My 4-year-old recently called out to me that he was all dressed for school and going to play outside.
A moment later, I watched him appear outside the kitchen window and begin to happily blow bubbles — in his pajamas.
It can be alarming to parents when children begin telling lies like this (as well as humorous because they are so easily caught in their falsehoods). But in early childhood, lying reflects an important milestone in cognitive development.
When children start to lie, it means they understand that other people have different beliefs than they do. It means that they understand that people's beliefs do not directly reflect reality, but vary based on experience.
When my 4-year-old told me that he was dressed, he realized that I couldn't see him. He reasoned that I would form a belief based on what he told me, not on reality. He capitalized on this situation to try to instill in my mind a false belief (that he was ready to go) that served his goal (having time to play). This sophisticated understanding of how people's minds work is the product of a fairly long developmental process.
Before about age 4, children have simpler beliefs about how minds work. They often think that everyone shares the same beliefs, and that beliefs are direct reflections of what is objectively going on in the world. Younger children expect their parents to know if they are dressed or not, have been to the bathroom or not, and where they put their shoes, regardless of who was around when any of these things happened (or didn't).
Because they expect people's minds to contain direct copies of reality, younger children do not even try to deceive. Playing hide-and-seek with a young 3-year-old will confirm that they simply do not yet understand the concept of deception — children of this age delight in telling the seeker exactly where they plan to "hide."
Research in developmental psychology has confirmed the link between understanding how minds work and the emergence of lying. (You can read more about this in a 2015 a piece by Tania Lombrozo here.) Children who understand that beliefs can be false are more likely to lie in experimental paradigms (for example, to say they did not peek at a hidden toy) than children who still view minds as containing direct copies of reality. When researchers give children experiences to speed up the development of their understanding of the subjective nature of beliefs, these children begin to deceive when they would not yet otherwise do so.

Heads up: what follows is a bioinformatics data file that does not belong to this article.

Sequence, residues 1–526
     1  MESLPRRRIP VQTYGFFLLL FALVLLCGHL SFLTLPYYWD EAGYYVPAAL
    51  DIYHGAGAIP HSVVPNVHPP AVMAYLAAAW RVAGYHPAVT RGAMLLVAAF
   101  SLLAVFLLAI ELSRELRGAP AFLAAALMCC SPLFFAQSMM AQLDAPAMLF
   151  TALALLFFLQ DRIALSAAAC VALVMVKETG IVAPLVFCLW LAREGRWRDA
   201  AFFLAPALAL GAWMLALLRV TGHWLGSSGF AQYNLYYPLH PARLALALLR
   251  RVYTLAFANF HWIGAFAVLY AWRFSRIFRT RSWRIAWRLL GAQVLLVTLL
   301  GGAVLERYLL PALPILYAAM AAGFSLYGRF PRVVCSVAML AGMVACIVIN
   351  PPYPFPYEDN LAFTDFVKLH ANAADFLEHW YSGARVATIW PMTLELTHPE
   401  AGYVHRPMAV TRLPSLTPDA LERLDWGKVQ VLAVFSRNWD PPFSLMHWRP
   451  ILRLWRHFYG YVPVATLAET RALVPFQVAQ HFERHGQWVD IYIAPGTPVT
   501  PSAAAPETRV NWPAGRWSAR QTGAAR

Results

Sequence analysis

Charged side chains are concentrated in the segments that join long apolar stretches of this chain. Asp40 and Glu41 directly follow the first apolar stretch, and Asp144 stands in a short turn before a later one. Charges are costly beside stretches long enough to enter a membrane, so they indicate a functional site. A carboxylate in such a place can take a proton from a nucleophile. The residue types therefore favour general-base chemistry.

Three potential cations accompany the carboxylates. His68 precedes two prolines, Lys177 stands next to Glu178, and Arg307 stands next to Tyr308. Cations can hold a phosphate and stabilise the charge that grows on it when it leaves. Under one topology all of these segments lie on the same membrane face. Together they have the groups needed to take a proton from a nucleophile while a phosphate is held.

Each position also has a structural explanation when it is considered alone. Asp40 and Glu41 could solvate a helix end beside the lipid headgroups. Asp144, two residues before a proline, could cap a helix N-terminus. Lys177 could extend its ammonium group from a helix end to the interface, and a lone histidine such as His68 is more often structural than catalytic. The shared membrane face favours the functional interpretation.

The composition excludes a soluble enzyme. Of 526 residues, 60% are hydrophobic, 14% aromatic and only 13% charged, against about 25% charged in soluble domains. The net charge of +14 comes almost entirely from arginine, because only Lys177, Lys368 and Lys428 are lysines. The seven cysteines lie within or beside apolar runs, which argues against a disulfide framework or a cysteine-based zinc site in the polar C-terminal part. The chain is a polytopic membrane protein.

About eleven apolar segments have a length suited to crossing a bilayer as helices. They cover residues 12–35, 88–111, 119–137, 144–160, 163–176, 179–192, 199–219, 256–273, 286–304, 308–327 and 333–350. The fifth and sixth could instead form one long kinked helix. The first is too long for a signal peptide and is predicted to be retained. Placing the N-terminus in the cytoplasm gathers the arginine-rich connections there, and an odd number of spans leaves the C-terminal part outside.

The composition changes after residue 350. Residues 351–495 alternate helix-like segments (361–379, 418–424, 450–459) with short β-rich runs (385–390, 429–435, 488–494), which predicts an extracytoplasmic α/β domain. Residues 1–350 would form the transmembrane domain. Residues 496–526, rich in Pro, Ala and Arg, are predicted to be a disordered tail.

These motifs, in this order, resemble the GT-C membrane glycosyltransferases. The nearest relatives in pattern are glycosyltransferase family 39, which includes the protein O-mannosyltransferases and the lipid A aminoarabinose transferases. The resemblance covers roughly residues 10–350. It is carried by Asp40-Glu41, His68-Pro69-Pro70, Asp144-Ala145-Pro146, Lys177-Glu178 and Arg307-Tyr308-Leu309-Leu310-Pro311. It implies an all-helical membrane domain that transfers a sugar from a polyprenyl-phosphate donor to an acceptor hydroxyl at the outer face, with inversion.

A paper published this summer by Dr. Gail Heyman and her colleagues found that as soon as young children begin to understand the subjective nature of beliefs, they are prepared to learn to deceive. In this study, young children played a game where they could win treats by tricking an experimenter about the location of a hidden object. Children who already understood the subjective nature of beliefs figured out the winning strategy very quickly. They consistently tricked the experimenter to win the game and get the most treats for themselves. But children of the same age who did not yet understand the subjective nature of beliefs never figured out how to deceive their partners. They consistently lost the game — even after playing everyday for 10 days in a row.
Although lying is usually something to be discouraged, the child's underlying insight into how minds work is an important accomplishment. Understanding how other people come to their beliefs allows children to communicate more effectively, to develop better relationships with their peers, and to engage in more elaborate and collaborative pretend play.